The search for ways to feed the hungry is as old as recorded history. Can an issue this long-standing and complex be adequately addressed on small, local level? A unique California program is trying, with surprising success. read more »
For most visitors, Las Vegas is a one-dimensional town. One either walks up the Strip, or down (though for compass-challenged tourists, even that can be confusing). An adventurous minority will go downtown to Fremont Street, a few short blocks of casinos and souvenir shops that I liked better before they roofed it.
It turns out that naïve tourists have stumbled onto the truth: there are no east-west highways in Las Vegas. And therein lies the tale. read more »
Big cities will eventually get through the recession.
How much help they’ll get from the design-obsessed bloggers who are so anxious to shape urban life is open to question.
Consider the blogosphere in Los Angeles, which bubbled with reports of decapitated chickens turning up all around town earlier this year.
Some bloggers speculated that chickens were being killed in rituals of the Santeria cult, which has roots in Latin America. The speculation seemed on the way to becoming an urban legend. read more »
In mid August, as we were beginning to feel a pulse in the nation’s housing market, an academician and housing expert from the University of Pennsylvania named Thomas J. Sugrue wrote an article in the Wall Street Journal proposing that, for many people, the new American Dream should be renting. read more »
At a time when many cities are struggling to spur civic vitality, places that are home to major colleges or universities are percolating along robustly, often with healthy job growth, low costs of living and rising property values. Fueling this rise is the massive influence academic institutions have on their regions in terms of economic impact, civic connections, and innovative mindsets. Diverse spots — Columbia, Missouri; College Park, Pennsylvania; Raleigh-Durham, North Carolina and Chico, California, just to name a few — attract families, retirees, and the academically-minded. read more »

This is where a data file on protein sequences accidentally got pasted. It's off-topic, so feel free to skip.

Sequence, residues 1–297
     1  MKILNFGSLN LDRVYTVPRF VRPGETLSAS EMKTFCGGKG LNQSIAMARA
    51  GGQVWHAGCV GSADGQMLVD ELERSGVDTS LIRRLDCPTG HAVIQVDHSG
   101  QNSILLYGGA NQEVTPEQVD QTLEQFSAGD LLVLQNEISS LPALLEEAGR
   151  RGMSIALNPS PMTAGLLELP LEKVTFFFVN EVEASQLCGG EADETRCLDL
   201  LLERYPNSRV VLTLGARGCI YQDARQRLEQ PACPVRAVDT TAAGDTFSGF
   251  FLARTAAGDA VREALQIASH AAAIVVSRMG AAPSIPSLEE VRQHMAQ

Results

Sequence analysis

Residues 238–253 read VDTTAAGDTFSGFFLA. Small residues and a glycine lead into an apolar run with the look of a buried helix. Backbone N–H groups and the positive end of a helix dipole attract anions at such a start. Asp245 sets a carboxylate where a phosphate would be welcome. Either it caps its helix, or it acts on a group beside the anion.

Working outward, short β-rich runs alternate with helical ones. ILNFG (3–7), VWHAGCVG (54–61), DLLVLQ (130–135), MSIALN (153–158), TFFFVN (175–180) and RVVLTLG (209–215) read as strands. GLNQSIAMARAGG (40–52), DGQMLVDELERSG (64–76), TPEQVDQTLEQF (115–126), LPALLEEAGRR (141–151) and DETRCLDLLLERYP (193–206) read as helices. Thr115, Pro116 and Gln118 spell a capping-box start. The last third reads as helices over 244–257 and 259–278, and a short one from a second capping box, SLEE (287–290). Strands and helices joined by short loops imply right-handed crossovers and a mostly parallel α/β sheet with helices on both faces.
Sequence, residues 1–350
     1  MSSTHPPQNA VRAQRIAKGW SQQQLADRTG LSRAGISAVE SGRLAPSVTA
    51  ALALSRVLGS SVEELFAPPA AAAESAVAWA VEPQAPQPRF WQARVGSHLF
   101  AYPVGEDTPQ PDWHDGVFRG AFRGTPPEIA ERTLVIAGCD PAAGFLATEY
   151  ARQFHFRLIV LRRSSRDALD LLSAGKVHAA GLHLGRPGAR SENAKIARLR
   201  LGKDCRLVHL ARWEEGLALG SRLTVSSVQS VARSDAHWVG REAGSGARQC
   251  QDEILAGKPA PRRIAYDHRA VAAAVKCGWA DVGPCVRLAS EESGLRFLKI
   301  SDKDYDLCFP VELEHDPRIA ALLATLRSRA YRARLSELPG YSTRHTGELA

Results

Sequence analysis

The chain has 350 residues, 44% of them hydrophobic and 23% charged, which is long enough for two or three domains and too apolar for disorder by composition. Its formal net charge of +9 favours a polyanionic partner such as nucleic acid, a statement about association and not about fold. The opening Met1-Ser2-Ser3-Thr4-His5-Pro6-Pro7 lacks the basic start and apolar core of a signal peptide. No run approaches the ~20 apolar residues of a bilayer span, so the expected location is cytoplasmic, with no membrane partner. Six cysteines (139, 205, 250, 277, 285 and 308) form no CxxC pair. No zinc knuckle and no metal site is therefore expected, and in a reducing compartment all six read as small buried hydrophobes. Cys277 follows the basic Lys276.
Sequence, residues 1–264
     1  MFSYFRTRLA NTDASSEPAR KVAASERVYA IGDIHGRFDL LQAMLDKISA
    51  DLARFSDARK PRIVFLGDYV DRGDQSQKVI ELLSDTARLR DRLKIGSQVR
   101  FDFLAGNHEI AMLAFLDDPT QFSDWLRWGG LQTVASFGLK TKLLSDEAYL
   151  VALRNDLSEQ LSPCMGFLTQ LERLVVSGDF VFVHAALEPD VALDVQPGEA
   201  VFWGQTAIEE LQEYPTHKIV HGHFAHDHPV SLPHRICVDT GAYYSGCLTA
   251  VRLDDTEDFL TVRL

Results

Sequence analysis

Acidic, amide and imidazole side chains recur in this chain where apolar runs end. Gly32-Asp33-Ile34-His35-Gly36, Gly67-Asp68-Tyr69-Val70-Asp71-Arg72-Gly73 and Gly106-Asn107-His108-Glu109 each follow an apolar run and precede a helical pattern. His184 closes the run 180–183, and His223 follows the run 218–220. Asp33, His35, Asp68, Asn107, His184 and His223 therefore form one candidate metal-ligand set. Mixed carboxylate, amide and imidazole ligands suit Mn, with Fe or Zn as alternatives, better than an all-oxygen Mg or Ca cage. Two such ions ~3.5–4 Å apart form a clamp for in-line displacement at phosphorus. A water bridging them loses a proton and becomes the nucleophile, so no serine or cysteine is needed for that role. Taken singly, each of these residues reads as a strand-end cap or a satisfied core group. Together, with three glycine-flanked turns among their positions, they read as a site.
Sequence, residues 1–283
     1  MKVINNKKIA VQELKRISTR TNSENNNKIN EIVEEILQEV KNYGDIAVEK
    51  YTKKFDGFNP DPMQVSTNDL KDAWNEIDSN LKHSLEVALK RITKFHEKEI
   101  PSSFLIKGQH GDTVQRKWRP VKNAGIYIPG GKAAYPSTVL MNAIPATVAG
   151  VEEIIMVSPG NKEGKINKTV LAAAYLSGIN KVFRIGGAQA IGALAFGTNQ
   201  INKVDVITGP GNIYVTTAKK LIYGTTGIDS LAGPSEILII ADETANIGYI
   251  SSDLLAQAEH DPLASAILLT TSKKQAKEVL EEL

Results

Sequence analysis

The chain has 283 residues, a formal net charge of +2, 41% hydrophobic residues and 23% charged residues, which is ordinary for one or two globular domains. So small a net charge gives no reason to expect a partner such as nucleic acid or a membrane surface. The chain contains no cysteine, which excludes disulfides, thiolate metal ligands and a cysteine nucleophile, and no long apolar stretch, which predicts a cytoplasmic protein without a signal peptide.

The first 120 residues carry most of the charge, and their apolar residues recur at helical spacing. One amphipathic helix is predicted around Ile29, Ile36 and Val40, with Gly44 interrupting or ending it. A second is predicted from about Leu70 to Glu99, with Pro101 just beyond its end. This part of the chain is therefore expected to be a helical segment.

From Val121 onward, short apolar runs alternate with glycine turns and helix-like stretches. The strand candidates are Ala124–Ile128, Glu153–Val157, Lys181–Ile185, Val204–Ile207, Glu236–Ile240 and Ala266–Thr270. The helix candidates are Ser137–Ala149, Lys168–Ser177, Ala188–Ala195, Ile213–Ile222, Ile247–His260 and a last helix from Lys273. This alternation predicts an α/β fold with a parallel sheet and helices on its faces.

It is a rare spectacle when broadly respected national organizations and analysts condemn an initiative by some of the most influential players in the Washington establishment. Yet that is exactly what has happened to the Moving Cooler report, authored by the consulting firm Cambridge Systematics, published by the Urban Land Institute and sponsored by the American Public Transportation Association (APTA), the Environmental Defense Fund, Natural Resources Defense Council, the Environmental Protection Agency and others. read more »
Urban politicians have widely embraced the current concentration of power in Washington, but they may soon regret the trend they now so actively champion. The great protean tradition of American urbanism – with scores of competing economic centers – is giving way to a new Romanism, in which all power and decisions devolve down to the imperial core.
This is big stuff, perhaps even more important than the health care debate. The consequence could be a loss of local control, weakening the ability of cities to respond to new challenges in the coming decades. read more »
By Richard Reep
Regions have a bad habit of getting into ruts. This is true of any place that focuses exclusively on one industry – with the possible exception of the federal government, which keeps expanding no matter what. This reality is most evident in places like Detroit, but it also applies to one like Orlando, whose tourist-based economy has been held up as a post-industrial model. read more »
With the home building industry in peril, you would think that legislators would come up with immediate solutions to help foster new home construction. And there are now two well known Federal programs regarding housing: one is the $8,000 tax credit for first time home buyers, and the other is the 30% energy tax credit for a select few components of home remodeling. read more »
In these hard times the New Zealand public is somewhat excited about the travel costs incurred by our Government Ministers and MPs. Overseas travel attracts particular rage and fury.
A particularly galling example is a proposal by Christchurch City Mayor Bob Parker, his CEO Tony Marryat, and an urban planner, to visit the US to investigate the performance of light rail in Los Angeles, San Francisco Bay Area, Seattle and Vancouver. read more »